Karl Rove, the impresario of the Bush political machine, quickly recognized the potential of the new terrain and established a national organization to funnel money from a handful of billionaires to attacks against Democrats. The Koch brothers, owners of the third-largest fortune in America and among the nation’s worst polluters, are moving all over the nation — fighting to pass Proposition 23 in California to overturn the state’s new global warming law and who knows what else.

The Supreme Court has their back. As Erwin Chemerinsky, dean of the law school at University of California, Irvine, shows in his new book, “The Conservative Assault on the Constitution” (Simon & Schuster, 2010), the court today is far more solicitous of the free-speech rights of corporations than of ordinary citizens.

Corporate money will flow to the most vulnerable spots in the system. Organizers will look for small states where well-funded, late-hit pieces can be powerful. They are having trouble in big, brawling California, where even Meg Whitman’s money can’t ensure her election. But even here, they are seeking soft spots, such as Propositions 23 and 26, which would require a two-thirds supermajority vote to pass new taxes and fees, most of which will be placed on polluting corporations.

It will take a lot of work to keep up with the machinations of the new money machine, but requiring transparency, even if enforced against their will, is the best way to stop them.  The U.S. Chamber of Commerce is nervously fighting a defensive battle over reports that it is channeling foreign money into American elections.

Then we have Fox News. Fox News bears the same relationship to a news operation as actors playing doctors in commercials bear to actual doctors. They are basically the television platform for the Republican Party. In a startling development, the parent corporation of Fox, Newscorp, has made million-dollar contributions to the Republican Governors Association, as well as to the U.S. Chamber of Commerce, which itself can help mobilize and apply secret corporate and possibly even foreign contributions. Most of the potential 2012 Republican presidential contenders are now under contract to Fox News and are forbidden by contract to speak to other media outlets. In effect, the 2012 primary is being conducted by Fox News.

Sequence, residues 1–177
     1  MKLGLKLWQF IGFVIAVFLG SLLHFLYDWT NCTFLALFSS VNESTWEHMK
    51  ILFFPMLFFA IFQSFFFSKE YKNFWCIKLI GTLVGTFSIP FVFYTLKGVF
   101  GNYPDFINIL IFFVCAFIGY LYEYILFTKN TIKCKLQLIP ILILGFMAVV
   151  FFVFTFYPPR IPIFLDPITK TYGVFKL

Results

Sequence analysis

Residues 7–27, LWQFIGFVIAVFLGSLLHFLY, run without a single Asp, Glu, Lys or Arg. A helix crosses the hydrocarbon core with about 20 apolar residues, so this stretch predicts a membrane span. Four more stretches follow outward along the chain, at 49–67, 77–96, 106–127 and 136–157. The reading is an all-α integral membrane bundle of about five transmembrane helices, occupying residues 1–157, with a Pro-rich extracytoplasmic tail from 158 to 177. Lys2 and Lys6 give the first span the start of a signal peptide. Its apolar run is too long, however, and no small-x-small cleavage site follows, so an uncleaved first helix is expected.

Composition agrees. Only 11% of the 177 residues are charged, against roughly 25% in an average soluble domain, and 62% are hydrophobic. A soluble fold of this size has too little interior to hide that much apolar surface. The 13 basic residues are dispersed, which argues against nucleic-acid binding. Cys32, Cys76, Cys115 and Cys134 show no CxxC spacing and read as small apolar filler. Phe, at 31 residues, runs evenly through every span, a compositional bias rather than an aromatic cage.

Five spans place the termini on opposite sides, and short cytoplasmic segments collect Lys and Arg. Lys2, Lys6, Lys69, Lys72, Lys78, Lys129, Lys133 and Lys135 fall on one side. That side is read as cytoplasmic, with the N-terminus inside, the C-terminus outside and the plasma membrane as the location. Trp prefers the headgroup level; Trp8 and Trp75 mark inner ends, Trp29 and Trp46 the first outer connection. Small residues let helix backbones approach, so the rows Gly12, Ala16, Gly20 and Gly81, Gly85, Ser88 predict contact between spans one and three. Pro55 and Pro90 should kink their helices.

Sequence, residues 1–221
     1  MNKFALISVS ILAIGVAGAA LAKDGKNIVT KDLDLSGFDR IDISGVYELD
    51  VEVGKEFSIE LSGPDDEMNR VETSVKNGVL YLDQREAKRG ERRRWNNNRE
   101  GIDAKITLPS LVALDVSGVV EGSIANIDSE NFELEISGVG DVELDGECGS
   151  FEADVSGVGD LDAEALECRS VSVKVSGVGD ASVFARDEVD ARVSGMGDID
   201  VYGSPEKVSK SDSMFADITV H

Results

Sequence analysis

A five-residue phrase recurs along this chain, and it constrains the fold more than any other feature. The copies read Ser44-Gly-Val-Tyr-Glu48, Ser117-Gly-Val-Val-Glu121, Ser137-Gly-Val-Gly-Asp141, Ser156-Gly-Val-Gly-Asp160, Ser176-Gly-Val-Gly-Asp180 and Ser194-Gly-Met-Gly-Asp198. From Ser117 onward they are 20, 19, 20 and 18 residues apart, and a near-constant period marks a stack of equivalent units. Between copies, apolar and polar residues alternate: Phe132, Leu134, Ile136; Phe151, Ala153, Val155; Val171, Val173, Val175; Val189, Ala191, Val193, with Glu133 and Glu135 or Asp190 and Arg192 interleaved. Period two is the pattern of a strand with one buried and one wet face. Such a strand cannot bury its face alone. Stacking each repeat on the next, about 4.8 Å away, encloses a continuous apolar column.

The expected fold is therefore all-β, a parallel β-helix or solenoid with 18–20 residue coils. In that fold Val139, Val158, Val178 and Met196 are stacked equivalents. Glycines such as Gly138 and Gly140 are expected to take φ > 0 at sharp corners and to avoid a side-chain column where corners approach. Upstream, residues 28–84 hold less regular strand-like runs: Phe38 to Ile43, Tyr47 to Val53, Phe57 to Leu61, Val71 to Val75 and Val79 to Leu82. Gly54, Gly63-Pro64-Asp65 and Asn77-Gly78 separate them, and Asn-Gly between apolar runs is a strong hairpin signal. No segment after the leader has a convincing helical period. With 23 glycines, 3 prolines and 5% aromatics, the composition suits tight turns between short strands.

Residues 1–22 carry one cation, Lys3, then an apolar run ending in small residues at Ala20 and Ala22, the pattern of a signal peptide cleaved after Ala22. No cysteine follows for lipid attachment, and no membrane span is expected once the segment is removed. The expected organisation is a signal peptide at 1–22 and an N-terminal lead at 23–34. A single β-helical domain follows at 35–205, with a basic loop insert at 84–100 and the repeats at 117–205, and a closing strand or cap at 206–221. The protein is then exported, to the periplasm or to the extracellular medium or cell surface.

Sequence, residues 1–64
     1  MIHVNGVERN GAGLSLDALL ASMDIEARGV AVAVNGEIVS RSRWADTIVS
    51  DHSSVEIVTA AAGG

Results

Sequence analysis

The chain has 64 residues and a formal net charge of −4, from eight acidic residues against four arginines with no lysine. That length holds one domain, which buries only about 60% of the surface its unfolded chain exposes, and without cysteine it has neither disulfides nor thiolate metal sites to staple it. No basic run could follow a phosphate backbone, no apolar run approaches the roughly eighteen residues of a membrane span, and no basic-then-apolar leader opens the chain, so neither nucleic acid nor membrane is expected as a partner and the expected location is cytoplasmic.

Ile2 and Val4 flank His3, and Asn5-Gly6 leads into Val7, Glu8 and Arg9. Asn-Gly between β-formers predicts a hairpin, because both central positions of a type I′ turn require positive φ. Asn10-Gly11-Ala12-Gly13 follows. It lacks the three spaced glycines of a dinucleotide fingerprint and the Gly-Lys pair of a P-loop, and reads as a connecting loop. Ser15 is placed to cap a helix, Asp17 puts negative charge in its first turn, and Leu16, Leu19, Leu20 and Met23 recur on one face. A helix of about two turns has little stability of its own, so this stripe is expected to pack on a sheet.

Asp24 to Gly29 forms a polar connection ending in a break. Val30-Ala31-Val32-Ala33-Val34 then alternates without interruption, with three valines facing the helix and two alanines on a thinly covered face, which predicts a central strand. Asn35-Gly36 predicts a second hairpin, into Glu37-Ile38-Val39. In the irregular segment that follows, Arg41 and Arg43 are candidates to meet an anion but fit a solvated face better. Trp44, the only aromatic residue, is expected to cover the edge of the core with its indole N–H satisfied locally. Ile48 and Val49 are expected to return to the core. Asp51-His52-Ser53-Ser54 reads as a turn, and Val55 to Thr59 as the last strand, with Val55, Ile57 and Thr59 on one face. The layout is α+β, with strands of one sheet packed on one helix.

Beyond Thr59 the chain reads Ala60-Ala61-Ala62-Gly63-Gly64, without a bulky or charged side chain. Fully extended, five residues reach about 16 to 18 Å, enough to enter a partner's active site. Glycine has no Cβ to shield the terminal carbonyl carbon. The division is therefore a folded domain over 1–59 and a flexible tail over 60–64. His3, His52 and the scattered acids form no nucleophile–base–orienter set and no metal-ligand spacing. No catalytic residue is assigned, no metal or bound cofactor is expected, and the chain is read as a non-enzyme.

Fox News also acts as a mechanism to inject useful madness into the political bloodstream. Glenn Beck is the most bizarre and popular of the bunch, but most of the Fox spectrum is a nonstop assault on the Obama administration. It would be helpful to stop treating Fox as a news operation and simply refer to it as the Republican Party headquarters of the air.

Democrats draw comfort from the declining numbers of registered Republicans. In California, Republicans have lost “market share” badly since 2006. The eight-point gap between the parties in 2006 is now a 14-point divide.  Four years ago, 34 percent of California voters registered as Republicans, compared to 30 percent today. Democrats are also pleased that right-wing Tea Partyers are hijacking the party and nominating wackos for office. But Democrats should recognize that the Republicans no longer belong to a party run by elected leaders and candidates. They are all interchangeable parts of the new machine. And the nuttiness of the Tea Partyers, much of whose organizing has been financed by corporate forces, is all at the hand of corporate power. Even they are not nearly as unpredictable as they might appear. And as Frank Rich pointed out recently in The New York Times, they are also a useful diversion from the corporate power play now under way.  And the Tea Party extremism masks the degree to which all moderate positions are now risky for formerly mainstream Republican officeholders.

In short, today’s Republican Party is smaller, meaner, better-funded, more covert, than before. A small, militant party with little control by people who actually run for office and govern is a catastrophe for the country, but it works in the short term as a model to enhance corporate power and hold back Democrats.